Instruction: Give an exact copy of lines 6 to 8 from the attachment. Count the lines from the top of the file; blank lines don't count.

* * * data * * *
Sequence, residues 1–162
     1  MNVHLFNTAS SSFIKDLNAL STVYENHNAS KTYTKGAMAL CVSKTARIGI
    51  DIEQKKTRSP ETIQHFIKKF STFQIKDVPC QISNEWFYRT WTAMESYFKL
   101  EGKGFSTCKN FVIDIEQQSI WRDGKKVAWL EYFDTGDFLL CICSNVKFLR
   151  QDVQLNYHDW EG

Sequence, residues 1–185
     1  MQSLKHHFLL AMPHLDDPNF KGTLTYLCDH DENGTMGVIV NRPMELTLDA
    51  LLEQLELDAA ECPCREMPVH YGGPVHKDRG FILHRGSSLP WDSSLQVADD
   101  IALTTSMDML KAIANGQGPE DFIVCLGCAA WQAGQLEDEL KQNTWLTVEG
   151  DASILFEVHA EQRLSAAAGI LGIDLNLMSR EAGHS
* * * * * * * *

Sequence, residues 1–185
     1  MQSLKHHFLL AMPHLDDPNF KGTLTYLCDH DENGTMGVIV NRPMELTLDA
    51  LLEQLELDAA ECPCREMPVH YGGPVHKDRG FILHRGSSLP WDSSLQVADD